If you've spent a significant amount of time on the trail, perhaps you have experienced the old-fashioned way in which news travels. Not by tweets or snapchats or whatever the kids are using these days - but by word of mouth. In a similar manner to the old mantra "loose lips sink ships", the spoken word really travels unbelievably fast on the trail.
I saw a perfect example of this phenomenon on July 4th. What better way to inaugurate my new HMG pack than a prezie traverse, and what more patriotic of a day to do it than independence day.
Anyone who has had the pleasure of enjoying a warm, not-so-windy, clear summer day on the presidential range knows it's truly a marvel to behold. When it's out of the clouds, the range truly stands as a monument to some of the most extraordinary and formidable hiking the east coast has to offer. But one of my favorite things about being on the trail, especially in the middle of a beautiful summer day, is the people.
My favorite trail friend on this day was Flag Guy. I met Flag Guy on the summit of Mt. Monroe, where he pulled an American flag from his backpack and asked me to take a picture of him with it. Flag Guy told me he was getting a picture with the flag at the top of every presidential on the 4th. I thought to myself "It's a bit of a weird time in American history to be really super into... well... America" but figured the flag was probably a VA burial flag - sent to the next-of-kin for a fallen soldier - and Flag Guy was honoring his friend or family member.
Nope. This wasn't the case - Flag Guy was just really into the flag. Fair enough. Once I'd taken his picture, Flag Guy proceeded to start stuffing his flag into his backpack. I asked him if he knew how to properly fold the flag, to which Flag Guy responded that he did not.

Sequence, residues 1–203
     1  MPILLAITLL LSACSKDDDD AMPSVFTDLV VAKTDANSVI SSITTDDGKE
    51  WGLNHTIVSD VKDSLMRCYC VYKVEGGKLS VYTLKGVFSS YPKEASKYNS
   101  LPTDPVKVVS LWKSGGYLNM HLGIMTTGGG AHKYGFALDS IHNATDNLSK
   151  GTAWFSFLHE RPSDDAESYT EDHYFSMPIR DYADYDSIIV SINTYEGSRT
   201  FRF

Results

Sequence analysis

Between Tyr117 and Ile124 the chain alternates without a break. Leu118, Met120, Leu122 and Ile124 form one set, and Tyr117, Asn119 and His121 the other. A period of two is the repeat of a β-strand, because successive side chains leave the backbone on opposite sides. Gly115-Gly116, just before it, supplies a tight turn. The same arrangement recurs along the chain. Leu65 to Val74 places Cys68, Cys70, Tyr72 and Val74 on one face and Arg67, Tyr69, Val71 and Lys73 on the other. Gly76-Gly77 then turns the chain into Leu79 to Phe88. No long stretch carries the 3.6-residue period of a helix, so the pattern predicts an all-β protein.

This prompted a quick lesson in flag folding in the wind at the top of Mt. Monroe. I showed Flag Guy how to fold the flag in half twice long-ways, and then fold it with rolled triangles starting at the striped end, to produce a neatly packed and unwrinkled little triangle. Once I'd helped Flag Guy fold his flag into a neat triangular parcel, we wished him well and scampered on down towards Eisenhauer.
Later, on the summit of Mt. Jackson (not named for the president), I met a couple more guys who had been traversing that day. They sat enjoying a couple of beers and resting their legs after a long and unforgivable hike. We got to chatting and they asked me if I had met Flag Guy. "Of course! That guy was hilarious!" They then, to my delight, told me they had heard from somebody else, that earlier in the day, some random guy up on the ridge had to teach Flag Guy how to fold his flag.
Now past Lakes, the trail was relatively quiet. It felt like we had seen hardly anyone since I crossed paths with nationally treasured Flag Guy, but that didn't stop word from spreading across the ridge about my impromptu flag folding lesson in the wind!